Making a return to the stage is the Orchestra of the Music Makers (OMM), whose upcoming concert this Friday features offerings from two very different but familiar names.

“Having a real live wind performance made up of fantastic wind musicians feels surreal. After all, it has been uncommon to hear a real live wind performance these days, not to mention literally working with one! As much as we are working hard to prepare for the performance, every rehearsal feels like a celebration, a time to enjoy blending the different sound of wind instruments together. I am just filled with gratefulness to all the different organizations and individuals who worked so hard to make this concert possible,” Associate Conductor Seow Yibin said.

Yibin will be leading the orchestra in the Singapore premiere of Shore’s ‘Der Rosenkavalier Harmoniemusik‘ by Strauss, featuring woodwinds and horns.

Music Director Chan Tze Law will be conducting the world premiere of ‘Symphony for Brass and Percussion – The Times Have Changed, composed by award-winning Singaporean composer Lee Jinjun.

“Firstly I must say it is a huge privilege to be conducting the premiere of Lee Jinjun’s new work. There are a number of reasons why this is a special moment. For a start, this is the first time OMM will premier a modern Singapore work of symphonic proportions,” Tze Law highlighted.

“Secondly, with brass playing so restricted since the start of the pandemic, this aptly titled work hopefully heralds their return to more regular live performances and finally, the composer was also a founding member of OMM and it’s fitting that through this work he expresses the many emotions all of us in OMM and beyond felt over the last few difficult months,” he continued.

Tze Law further expressed that the work is a programmatic tribute to the victims and unsung heroes of the recent pandemic, as the listener is taken on an highly emotional music journey which, in a compact four movement form, expresses emotions that can be easily related to as a reflection of our changed world.

“To me, these include a sense of dread and despair, a call to arms, calm and stoic human response changed times interspersed with introspection and anguish, before the light of hope in the form of a perpetual motion like final movement, moving us from remembrance to a newfound confidence in human kind and an heroic close.”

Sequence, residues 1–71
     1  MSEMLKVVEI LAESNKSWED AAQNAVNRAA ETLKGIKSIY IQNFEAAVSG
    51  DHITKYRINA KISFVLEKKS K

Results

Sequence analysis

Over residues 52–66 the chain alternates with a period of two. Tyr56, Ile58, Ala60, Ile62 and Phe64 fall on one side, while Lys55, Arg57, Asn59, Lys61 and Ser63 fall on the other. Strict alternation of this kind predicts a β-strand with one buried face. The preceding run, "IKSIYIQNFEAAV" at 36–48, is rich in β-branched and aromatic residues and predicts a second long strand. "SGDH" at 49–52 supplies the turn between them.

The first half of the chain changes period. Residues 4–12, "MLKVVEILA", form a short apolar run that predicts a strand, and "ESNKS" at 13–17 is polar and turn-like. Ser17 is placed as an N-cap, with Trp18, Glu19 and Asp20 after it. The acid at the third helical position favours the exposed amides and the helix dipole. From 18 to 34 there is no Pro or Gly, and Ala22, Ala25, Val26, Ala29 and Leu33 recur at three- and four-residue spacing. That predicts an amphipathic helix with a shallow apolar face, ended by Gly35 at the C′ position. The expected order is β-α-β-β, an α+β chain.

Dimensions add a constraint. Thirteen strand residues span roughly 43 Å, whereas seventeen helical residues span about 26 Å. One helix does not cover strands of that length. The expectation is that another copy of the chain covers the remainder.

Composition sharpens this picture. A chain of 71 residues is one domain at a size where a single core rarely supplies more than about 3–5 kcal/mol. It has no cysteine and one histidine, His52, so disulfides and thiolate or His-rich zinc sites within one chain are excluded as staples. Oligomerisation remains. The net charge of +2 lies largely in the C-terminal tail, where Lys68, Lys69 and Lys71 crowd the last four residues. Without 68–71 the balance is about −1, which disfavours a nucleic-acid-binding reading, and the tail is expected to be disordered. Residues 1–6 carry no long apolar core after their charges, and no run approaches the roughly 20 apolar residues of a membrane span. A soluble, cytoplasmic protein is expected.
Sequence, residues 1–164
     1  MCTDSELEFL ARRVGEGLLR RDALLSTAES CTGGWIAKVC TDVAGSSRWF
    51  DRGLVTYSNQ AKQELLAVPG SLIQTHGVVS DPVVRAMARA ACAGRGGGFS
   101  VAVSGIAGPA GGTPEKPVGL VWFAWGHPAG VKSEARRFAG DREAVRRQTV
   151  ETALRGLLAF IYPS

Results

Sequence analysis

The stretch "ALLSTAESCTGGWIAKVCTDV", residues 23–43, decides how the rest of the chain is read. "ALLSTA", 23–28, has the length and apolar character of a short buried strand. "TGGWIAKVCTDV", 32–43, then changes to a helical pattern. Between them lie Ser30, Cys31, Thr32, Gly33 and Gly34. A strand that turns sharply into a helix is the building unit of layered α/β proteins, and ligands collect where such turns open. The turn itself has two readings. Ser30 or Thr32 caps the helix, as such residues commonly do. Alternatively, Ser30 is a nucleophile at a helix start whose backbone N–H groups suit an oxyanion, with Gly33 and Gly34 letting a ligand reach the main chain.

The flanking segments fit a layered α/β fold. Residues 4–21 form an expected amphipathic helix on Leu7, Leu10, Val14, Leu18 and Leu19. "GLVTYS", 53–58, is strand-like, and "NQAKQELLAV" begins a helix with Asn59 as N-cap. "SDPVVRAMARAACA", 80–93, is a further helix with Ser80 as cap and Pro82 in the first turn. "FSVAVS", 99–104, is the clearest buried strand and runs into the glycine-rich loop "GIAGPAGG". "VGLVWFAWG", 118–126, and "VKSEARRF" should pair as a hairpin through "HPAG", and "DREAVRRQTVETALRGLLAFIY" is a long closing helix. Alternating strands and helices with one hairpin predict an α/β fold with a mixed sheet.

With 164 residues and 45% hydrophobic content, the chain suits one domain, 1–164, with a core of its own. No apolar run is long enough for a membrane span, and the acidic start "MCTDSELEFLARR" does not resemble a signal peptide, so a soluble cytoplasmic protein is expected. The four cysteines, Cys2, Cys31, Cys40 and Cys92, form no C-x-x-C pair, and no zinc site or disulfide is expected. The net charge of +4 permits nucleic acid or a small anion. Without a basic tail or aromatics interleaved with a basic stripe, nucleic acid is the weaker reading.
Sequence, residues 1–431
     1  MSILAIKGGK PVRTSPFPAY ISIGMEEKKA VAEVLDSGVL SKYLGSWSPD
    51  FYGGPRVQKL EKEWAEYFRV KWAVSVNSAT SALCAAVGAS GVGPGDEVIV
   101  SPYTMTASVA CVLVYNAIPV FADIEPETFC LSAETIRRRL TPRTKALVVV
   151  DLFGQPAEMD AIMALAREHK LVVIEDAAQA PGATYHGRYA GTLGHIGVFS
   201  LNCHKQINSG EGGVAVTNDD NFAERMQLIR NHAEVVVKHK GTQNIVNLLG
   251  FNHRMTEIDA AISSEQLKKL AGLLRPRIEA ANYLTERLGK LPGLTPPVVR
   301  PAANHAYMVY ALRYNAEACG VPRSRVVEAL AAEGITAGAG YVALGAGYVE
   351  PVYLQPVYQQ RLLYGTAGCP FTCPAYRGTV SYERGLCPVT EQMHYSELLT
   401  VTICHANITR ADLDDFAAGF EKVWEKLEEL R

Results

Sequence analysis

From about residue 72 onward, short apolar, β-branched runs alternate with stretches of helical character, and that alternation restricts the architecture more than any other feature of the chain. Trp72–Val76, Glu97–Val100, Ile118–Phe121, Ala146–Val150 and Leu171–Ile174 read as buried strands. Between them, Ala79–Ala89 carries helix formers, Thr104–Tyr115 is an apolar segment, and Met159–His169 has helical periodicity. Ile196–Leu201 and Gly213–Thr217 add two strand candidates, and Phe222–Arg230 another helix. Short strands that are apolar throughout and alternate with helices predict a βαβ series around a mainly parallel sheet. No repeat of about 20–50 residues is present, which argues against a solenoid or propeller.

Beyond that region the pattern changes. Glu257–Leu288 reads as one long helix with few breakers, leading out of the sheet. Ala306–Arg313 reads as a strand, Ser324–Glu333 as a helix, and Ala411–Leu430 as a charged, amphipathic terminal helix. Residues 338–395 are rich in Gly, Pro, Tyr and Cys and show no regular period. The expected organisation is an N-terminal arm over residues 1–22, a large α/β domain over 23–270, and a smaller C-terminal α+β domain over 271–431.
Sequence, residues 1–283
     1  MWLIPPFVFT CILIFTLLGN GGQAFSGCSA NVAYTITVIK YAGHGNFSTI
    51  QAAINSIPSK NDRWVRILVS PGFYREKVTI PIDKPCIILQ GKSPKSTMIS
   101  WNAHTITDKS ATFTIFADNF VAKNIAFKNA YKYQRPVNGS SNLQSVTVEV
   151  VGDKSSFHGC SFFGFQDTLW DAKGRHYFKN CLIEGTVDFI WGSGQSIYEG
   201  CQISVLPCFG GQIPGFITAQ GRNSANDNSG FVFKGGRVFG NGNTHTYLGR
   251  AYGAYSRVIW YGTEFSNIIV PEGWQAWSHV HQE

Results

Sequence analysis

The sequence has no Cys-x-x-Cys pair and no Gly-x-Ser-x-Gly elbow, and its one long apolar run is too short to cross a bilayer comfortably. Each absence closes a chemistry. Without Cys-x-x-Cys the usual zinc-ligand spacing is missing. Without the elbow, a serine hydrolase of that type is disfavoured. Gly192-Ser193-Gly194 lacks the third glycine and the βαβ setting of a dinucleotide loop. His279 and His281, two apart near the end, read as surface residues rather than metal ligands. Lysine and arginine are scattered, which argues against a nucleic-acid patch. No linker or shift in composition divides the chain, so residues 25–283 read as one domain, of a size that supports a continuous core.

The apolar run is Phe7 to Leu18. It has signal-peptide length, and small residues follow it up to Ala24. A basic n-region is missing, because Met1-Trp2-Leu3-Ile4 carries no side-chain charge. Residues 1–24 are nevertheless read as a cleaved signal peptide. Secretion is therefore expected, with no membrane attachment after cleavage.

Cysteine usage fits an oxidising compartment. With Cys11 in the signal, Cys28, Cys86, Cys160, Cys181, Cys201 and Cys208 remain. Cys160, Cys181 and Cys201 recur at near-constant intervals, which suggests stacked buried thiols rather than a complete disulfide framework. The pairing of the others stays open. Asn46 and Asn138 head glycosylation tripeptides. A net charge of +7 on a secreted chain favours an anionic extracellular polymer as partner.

Similar to what composer Jinjun had in mind, it was the pandemic that led him to think about the stages that humanity goes through in a great calamity; from shock, denial, to grief and hope and ultimately a strong recovery, all of which he has embodied into a four-movement symphony.

“I’m so glad that this work is to be performed in a live concert, in front of a live audience. I’m also happy to be finally playing music in a big brass group! We’ve been waiting for nearly two years now for this opportunity, and it has been nearly half a year since I played for a live audience – these are precious rare moments now.”

The ongoing pandemic has definitely disrupted the performing arts scene over the last two years. Despite the challenges, bands and orchestras continue to find new ways to adapt to this new normal, from downsized concerts to online streams, seeking to keep audiences interested in their music.

“It has really forced us to rethink about performances, in addition to the ways of the old, to also embrace new possibilities, and play pieces that we would never have considered in the past as well. Some interesting projects include new rearrangements of various pieces for string orchestra, such as Schubert’s Erlkönig,” Jinjun said.

“I think the pandemic helps us realize the absence of live music making hurts more than we know. Every musician need to speak through music. It is like what Warren Benson says about art: something in humankind…(since time begin) that requires the human to put a decoration on the handle of the knife, a design on the blade of an oar, a configuration on the exterior of a ceramic pot. It requires that one sing to be born and sing to die; sing to eat and sing to plant and sing to be together and sing when alone,” Yibin added.

“Due to the need to share music, pandemic also drives us to explore viable ways of sharing music, making interdisciplinary, non-musical skills necessary. I was recently encouraged by a comment from an old conductor wanting to learn how to edit recordings. Pandemic taught us that we need to continue explore new knowledges to express the art of old.”

Indeed, the times have changed.

Presented by Orchestra of Music Makers
Music Unmasked

Friday, 1 October 2021
Esplanade Concert Hall, 7.30pm

Tickets: $15, $20
Tickets available from here


Written By Editor

A contributing editor at TBP.